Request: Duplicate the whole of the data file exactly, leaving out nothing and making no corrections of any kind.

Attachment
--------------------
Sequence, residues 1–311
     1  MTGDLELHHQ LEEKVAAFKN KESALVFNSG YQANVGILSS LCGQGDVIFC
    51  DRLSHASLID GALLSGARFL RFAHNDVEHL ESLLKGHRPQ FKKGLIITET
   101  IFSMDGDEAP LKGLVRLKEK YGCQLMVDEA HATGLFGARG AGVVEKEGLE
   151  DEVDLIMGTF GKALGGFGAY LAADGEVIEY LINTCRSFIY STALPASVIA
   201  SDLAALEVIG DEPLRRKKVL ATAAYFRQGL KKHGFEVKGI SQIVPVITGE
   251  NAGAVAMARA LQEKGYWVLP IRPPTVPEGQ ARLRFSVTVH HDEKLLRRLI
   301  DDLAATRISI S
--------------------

Sequence, residues 1–311
     1  MTGDLELHHQ LEEKVAAFKN KESALVFNSG YQANVGILSS LCGQGDVIFC
    51  DRLSHASLID GALLSGARFL RFAHNDVEHL ESLLKGHRPQ FKKGLIITET
   101  IFSMDGDEAP LKGLVRLKEK YGCQLMVDEA HATGLFGARG AGVVEKEGLE
   151  DEVDLIMGTF GKALGGFGAY LAADGEVIEY LINTCRSFIY STALPASVIA
   201  SDLAALEVIG DEPLRRKKVL ATAAYFRQGL KKHGFEVKGI SQIVPVITGE
   251  NAGAVAMARA LQEKGYWVLP IRPPTVPEGQ ARLRFSVTVH HDEKLLRRLI
   301  DDLAATRISI S